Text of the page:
"Match, show our new queen to my chambers," Lucifer said to a young man who stood beside him. He then turned back to Leatrice. "Follow him and rest a bit, while I prepare for our wedding tonight."

"Tonight?" she said. "But?"

"Tonight," he repeated as he rubbed his hands together. "Tonight, you will be mine for eternity."

Her eyes filled with tears, and her chest began to heave.

"And I will not have your tears mar the festivities," Lucifer boomed. "So stop crying, or I will awaken the volcano!"

Leatrice lowered her head and blinked rapidly to stem her tears.

"Now, that's much better," he said. "The happier I am, the more apt I am to leave your precious parents alone."

"But you said that if I came with you, you would not harm them."

"Granted. But as you can see, I am Lord and Master over many who would bring harm to anyone, just to see me smile." Lucifer threw his head back and laughed, showing his sharp pointy teeth and his blood-red tongue and gums. Leatrice cringed. "It would please me greatly," he said, "if you would laugh, or play your lyre. It would also make me feel more kindly toward those old parents of yours."

"I can't laugh, I'm too afraid," she said softly. "I want to go home, I want to see my parents."

"You have no need to fear, my dear. I will not harm you. But rest assured, you will never go home." He paused and smiled wickedly. "If I let you see your parents, will you play your lyre again?"

"Oh, yes. Please," she begged, "Please let me see them!"

"Match, take your Queen to the Pool of Reflection and let her gaze upon the source of her life. But make sure she does not linger too long. I want her well rested for our nuptials. The celebration will last far into the night."

Match led Leatrice from the huge cavern through a series of long corridors that seemed endless. "May I carry that for you?" he said, pointing to her lyre.

"No," she said, clutching it to her bosom. "It is all I have of my past."

"There is no need to hold on to the past here. We all live in the present. It is easier."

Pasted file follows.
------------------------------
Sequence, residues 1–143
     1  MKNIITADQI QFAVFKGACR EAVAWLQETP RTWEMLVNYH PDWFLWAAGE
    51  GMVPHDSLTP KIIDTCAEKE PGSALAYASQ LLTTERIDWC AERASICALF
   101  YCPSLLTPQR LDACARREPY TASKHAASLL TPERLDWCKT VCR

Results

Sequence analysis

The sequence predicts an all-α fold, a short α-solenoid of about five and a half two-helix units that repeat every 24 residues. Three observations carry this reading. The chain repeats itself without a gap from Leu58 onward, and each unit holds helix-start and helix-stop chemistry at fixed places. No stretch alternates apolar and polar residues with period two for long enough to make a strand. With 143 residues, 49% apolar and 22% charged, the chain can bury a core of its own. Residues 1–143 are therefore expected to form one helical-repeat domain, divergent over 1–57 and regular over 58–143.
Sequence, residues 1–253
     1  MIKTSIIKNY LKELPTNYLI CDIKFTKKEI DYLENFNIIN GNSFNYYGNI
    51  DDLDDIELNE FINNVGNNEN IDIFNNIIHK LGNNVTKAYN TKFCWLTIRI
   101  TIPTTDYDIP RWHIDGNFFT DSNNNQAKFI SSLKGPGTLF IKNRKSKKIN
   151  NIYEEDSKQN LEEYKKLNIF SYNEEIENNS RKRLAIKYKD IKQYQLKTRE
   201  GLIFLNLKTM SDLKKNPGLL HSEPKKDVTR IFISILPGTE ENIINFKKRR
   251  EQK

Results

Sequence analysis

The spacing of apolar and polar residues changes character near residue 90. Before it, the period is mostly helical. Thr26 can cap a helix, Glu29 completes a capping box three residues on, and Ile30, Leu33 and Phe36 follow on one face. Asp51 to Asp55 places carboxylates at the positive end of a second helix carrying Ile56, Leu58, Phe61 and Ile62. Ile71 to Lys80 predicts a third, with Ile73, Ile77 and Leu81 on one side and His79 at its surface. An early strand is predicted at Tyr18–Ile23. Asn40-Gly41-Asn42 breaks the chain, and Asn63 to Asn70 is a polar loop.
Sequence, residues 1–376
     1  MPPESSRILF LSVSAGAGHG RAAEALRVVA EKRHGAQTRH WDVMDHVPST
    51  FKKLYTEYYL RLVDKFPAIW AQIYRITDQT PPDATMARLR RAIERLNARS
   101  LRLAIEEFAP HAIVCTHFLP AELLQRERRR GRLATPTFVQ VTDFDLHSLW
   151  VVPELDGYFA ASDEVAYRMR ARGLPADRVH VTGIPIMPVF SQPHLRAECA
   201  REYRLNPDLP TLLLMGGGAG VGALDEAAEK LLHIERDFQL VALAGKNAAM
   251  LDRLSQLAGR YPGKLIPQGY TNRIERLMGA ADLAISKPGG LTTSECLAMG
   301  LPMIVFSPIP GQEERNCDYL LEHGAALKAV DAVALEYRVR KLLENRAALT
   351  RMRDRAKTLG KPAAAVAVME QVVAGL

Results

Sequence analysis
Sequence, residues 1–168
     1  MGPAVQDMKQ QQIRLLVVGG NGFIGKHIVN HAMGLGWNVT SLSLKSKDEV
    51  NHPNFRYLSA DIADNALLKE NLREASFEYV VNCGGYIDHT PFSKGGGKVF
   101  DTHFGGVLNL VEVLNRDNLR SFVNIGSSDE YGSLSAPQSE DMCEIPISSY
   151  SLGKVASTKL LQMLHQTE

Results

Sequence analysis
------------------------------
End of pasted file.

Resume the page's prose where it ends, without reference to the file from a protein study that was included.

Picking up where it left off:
"Did he bring you here against your will, too?"

"My deeds brought me here," Match answered. "And I have nowhere else to go. I am happy here."

"I could never be happy here, never," she replied.

"And you will never leave here. So, that means you will be eternally unhappy."

"Soon I will die of a broken heart," she said.

Match laughed. "No one here ever dies, though they often wish for death." By this time, they had approached the edge of a pool as inky black as liquid coal. Match removed a torch from a nearby wall and bent forward, raising the torch high over the pool.

On the pool's dark surface, the torch's glow created a sunny diorama of the world Leatrice had so recently left. She could see her beloved mother and father standing on her sheltered knoll, clinging to each other. They wailed as they clutched the books she had left behind. Around them, everything was as peaceful as it had been before Lucifer intruded upon their world. The only difference was she was not there, and would never again be there. When her mother called out her name, Leatrice threw the lyre into the dark pool, covered her ears and sobbed.


During the wedding celebration, Lucifer and Beelzebub fell into conversation. "You are full of surprises, Lucifer. I never thought I'd see you take a wife. Not with all these willing women in the world. This one hardly seems worthy of you, if you'll pardon my saying so. She seems too innocent."

"They all start out innocent, my friend. Then something or other happens and they sell their souls for some small wish. I wanted to save this one from getting bruised."

"Well, she doesn't seem pleased to be the beneficiary of your saving grace."

"She'll come around," Lucifer said. "As soon as she gets a taste of the power of being my wife, she'll be laughing and happy, like she was when I first saw her."

However, Leatrice had no desire for power, and none of the tasty morsels, exotic gifts, or wondrous music that Lucifer manifested could make her smile or laugh as she had done when she played on the knoll near her father's vineyards. Instead, she frequented the Pool of Reflection and cried often, filling Hades with the mournful dirge of her sadness.

One day, Match said to Lucifer. "Have you noticed that whenever Leatrice cries, though the sky may be sunny, the clouds turn dark? As if in sympathy? And it begins to rain?"

"You are quite right, Match. Maybe my bringing her here wasn't a mistake after all."

Thereafter, Lucifer smiled whenever he saw Leatrice steal off toward the Pool of Reflection for he knew that soon the sunny skies would turn dark, the way he preferred them, and rob the world of sunlight. This gave Lucifer greater pleasure than he had once taken in hearing her laughter; soon, he ceased to care whether she ever laughed again.

As soon as Leatrice realized the effect of her tears, she willed herself to stop crying. This defiance so angered Lucifer that he struck her until she cried out in anguish. As her tears flowed, the sky was again robbed of its light. Thus, they say that whenever it rains while the sun shines, the Devil is beating his wife in an attempt to darken the sky.